13. The applicant was further ordered to pay the plaintiff SKK 50,000 in compensation for non-pecuniary damage and to pay the court fees and the plaintiff’s costs.
14. The District Court found that the limits of objective and acceptable criticism had been exceeded in that the above articles comprised such expressions as “tragicomic farce”, “shameful judgment”, “strange reasoning” and “legal farce”. The first and the third article were capable of giving the readers the impression that the plaintiff had been biased. The District Court further recalled that the judgment criticised in the articles was delivered by an appellate chamber of three judges. However, the articles referred to the plaintiff as if he were the only author of the judgment. The District Court recalled that a chamber of the appellate court always decides after deliberations in the presence of a typist. A majority of votes is required and the presiding judge is the last to vote. The District Court also recalled that judges are independent when deciding on matters before them and that the cassation chamber of the Supreme Court had not found any procedural shortcomings in the proceedings leading to the judgment criticised in the above articles.
15. When deciding to grant non-pecuniary damages to the plaintiff the District Court noted that the above articles criticised, repeatedly and without justification, a judge of the Supreme Court whereby his dignity and position in the society had been considerably affected.
16. The applicant and the plaintiff appealed. The applicant argued that the District Court had failed to apply the law correctly and that it had decided arbitrarily. The applicant submitted that the statements in question were value judgments which were based on facts explicitly set out in the articles. He therefore requested that the first instance judgment, to the extent that it granted the action, be overturned. The plaintiff failed to submit any reasons and subsequently he maintained that he had not appealed.
17. On 24 June 1997 the Košice Regional Court overturned the first instance judgment in that it dismissed the action of judge Š. The Regional Court’s judgment stated that the applicant had ceased being the editor of Domino efekt in February 1997. As he was not the author of the articles in question, he no longer had standing to be a defendant in the case. The new editor could not be sued as he was not a general successor to the rights and obligations relating to the weekly. The plaintiff’s claim that an apology be published in the weekly could not, therefore, be granted.
18. The Regional Court also examined the merits of the case and found that the phrase “Even the latter has not found courage to quash in full the legal farce produced by [judge Š.] on 23 March 1994” published on 16 June 1995 represented an attack against the authority of the courts as such and that it was not proportionate to the aim pursued, namely to criticise the reasons for the Supreme Court judgment presented orally by judge Š. However, no satisfaction could be granted in this respect as the applicant had lost standing in the case.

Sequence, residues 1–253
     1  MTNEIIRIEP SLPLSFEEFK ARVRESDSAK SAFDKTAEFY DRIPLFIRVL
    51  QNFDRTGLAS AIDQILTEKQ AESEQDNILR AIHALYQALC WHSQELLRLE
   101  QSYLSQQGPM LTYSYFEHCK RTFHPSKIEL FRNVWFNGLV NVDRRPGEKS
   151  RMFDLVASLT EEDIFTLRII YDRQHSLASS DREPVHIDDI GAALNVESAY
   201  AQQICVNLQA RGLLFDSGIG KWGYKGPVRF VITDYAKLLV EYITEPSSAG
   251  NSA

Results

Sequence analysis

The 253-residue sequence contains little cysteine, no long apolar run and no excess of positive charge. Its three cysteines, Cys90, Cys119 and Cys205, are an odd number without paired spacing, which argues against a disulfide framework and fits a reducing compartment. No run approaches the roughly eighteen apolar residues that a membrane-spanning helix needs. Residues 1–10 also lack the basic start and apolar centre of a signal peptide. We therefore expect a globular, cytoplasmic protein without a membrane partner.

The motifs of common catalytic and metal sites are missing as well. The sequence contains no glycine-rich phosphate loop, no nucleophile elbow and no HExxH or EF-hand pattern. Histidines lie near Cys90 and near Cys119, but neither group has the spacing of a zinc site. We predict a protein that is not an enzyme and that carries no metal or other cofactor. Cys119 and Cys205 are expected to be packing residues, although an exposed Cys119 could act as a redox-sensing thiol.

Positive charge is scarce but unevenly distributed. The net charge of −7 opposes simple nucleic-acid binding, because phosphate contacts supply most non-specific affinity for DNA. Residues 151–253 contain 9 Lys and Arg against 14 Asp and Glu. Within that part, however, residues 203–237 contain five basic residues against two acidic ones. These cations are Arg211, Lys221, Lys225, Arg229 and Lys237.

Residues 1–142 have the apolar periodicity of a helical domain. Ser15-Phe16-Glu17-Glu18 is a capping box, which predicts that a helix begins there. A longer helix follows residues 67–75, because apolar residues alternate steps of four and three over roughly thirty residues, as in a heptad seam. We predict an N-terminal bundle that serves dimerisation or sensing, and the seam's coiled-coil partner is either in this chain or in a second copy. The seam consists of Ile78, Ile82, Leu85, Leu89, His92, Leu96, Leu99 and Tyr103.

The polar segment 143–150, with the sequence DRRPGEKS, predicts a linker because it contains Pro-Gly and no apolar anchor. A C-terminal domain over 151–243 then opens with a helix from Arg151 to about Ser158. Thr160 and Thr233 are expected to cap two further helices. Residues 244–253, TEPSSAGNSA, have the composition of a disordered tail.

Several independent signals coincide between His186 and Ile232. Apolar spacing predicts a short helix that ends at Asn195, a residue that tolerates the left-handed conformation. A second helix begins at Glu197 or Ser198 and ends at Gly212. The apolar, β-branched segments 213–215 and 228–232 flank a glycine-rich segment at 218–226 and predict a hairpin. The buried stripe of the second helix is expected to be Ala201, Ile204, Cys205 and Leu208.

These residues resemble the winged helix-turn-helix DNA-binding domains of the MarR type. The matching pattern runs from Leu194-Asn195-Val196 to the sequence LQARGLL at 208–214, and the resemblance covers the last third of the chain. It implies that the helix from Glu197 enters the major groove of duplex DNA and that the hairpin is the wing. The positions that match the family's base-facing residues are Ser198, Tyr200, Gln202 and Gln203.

19. On 9 September 1997 the plaintiff filed an appeal on points of law in which he challenged the conclusions reached by the Regional Court.
20. On 29 May 1998 the cassation chamber of the Supreme Court quashed the Regional Court’s judgment of 24 June 1997. The Supreme Court held that the appellate court had decided erroneously and instructed the latter to take further evidence. As regards the merits of the case in particular, the court of cassation held that because of their expressive character the applicant’s statements were disproportionate to the aim pursued, namely to criticise a judicial decision or the public activities of judge Š. In the Supreme Court’s view, those statements clearly indicated that the applicant had intended to offend judge Š., to humiliate and discredit him. Limits of acceptable criticism had been thereby exceeded.
21. On 11 March 1999 the Košice Regional Court upheld the part of the Košice 1 District Court’s judgment of 3 July 1996 by which the applicant had been ordered to pay SKK 50,000, together with the statutory default interest, to the defendant in compensation for non-pecuniary damage. The Regional Court further dismissed the remainder of the plaintiff’s action.
22. The judgment stated that the plaintiff had failed to submit reasons for his appeal. Accordingly, the Regional Court could review the first instance judgment only to the extent that it had been appealed against by the applicant. The Regional Court dismissed the claim that an apology be published in Domino efekt as (i) the editing rights had been transferred to a different person and the name of the weekly had changed and (ii) the plaintiff had failed to amend his action so that a judgment in this respect could be enforced. The Regional Court noted that the plaintiff had failed to specify which parts of the article published on 1 April 1994 interfered with his personal rights. The relevant part of the action was therefore also dismissed.